Best,

David
__________________________________________________________________________
ArtspaceBAVPATour d'Neglect - 2007Woodlawn Row Housesfaqmy flickr
the creativity exchangeCEOs for Cities

13 comments:

Anonymous said...

I think there is a lot envy, jealousy and, and raw insecurity on the part of folks like Mr. Winfield. He is afraid "someone else" will be successful in cleaning up the problems which the "current residents" and those who pretend to lead them, have failed to even address.

have done nothing to stem the tide of decay and deterioration on the East Side.

The Black community "leaders"'have done little to stem the tide of decay and deterioration on the East Side. They consist mostly of politically connected religious leaders and bureaucrats; their only solution seems to be propping up shoddily-built, HUD-funded newbuild crap houses in areas where there is a massive surplus of housing. These vinyl-clad, suburbanesque abominations are bound to go through several cycles of foreclosures before becoming flipper-bait homes and crackshacks like so much of the older housing stock in these neighborhoods.

Mr. McCallum's plan is indeed something appropriate for a shrinking neighborhood. It's a progressive solution which WILL help the "current residents" much more than haphazardly plopping plastic houses on vacant lots with no rhyme or reason.

MJ said...

It irks me when those still there are blamed for not confronting the problems. Everyone who moved out of these areas in the past 50 years also did not want to confront the issues and just chose to move out. And now we condemn those still there who just want to follow those who came before them and run when/if they get a chance?

Elsewhere in David's blog, he mentions the book "Power Failure". Give it a read. Its surprising how involved black leadership was and the projects they stood for in the 60's and 70's when these areas started their slide, only to be stymied by the powers that were. It's a shame they couldn't have accomplished more when there was more to save and work from. I guess they finally gave up too, and why not, everyone else did.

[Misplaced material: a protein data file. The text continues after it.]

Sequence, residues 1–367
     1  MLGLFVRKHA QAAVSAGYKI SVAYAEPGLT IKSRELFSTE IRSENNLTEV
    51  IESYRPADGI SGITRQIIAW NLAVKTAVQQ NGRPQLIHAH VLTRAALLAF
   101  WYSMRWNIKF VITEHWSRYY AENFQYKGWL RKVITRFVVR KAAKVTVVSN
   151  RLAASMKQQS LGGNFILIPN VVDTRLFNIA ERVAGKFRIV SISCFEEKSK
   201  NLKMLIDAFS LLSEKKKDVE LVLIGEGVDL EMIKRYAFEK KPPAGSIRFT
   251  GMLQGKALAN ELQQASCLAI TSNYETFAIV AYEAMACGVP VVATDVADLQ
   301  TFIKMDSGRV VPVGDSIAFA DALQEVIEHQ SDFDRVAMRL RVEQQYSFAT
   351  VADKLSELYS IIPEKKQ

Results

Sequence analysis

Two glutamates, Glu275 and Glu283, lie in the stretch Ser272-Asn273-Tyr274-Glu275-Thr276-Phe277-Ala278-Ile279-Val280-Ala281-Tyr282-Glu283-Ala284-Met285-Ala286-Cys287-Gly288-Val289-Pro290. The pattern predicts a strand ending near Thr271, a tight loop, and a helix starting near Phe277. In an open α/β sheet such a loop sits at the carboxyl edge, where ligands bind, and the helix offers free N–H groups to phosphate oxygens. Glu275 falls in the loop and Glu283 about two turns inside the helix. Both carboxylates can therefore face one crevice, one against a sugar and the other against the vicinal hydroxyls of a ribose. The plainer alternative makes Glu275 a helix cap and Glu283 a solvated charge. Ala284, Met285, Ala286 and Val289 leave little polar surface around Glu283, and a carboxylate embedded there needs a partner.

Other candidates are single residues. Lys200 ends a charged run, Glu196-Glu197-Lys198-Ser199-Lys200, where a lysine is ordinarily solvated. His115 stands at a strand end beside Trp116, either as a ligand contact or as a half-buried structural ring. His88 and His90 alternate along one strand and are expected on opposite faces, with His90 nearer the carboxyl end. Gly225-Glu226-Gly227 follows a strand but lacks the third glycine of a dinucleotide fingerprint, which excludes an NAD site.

George's fears may be unfounded. But it is nice to see he is now aware and interested. Hopefully he will now know where to look to find out about these happenings a little sooner in their development. With all the NIMBYs we have in Erie County, we're dissing based on this guy who appears to want it to actually succeed?

Best of luck to this project and the neighborhood around it. The East Side needs more fighters.

Roy said...

Fix Buffalo's response to George was precise and useful, and I'd like to add some comments.

As an Urban Planning outsider, I can identify with what George is saying. As Fix Buffalo put it to me, "You have to know the rules to the game." Many of the people left in the neighborhoods we are looking at and living in have little clue how to navigate the government and financial systems. They/we have seen a contunuous flow of poor decisions with bad results for their/our neighborhoods and the city at large. The end result is a community that is suspicious of any project they aren't part of. Don't gloss over the power of your education and knowledge. Fix Buffalo's informative and inviting response was right on the money. An organic small-money revival will be most stable, in my opinion.

A point on gentrification: While it is true that the overall housing surplus precludes meeting the academic definition of gentrification, there remain other considerations. People often feel a sense of loyalty and comfort in the neighborhood they grew up in. "Housing" may be a fungible asset, but community and a sense of place are not. I have lived on Coe Place for four years, making me the new guy and the white guy. Most of my neighbors have expressed some variant on the fear that they will be displaced. Most of them have lived here most of their lives. The protective sense of community is palpable, and nobody wants to lose it.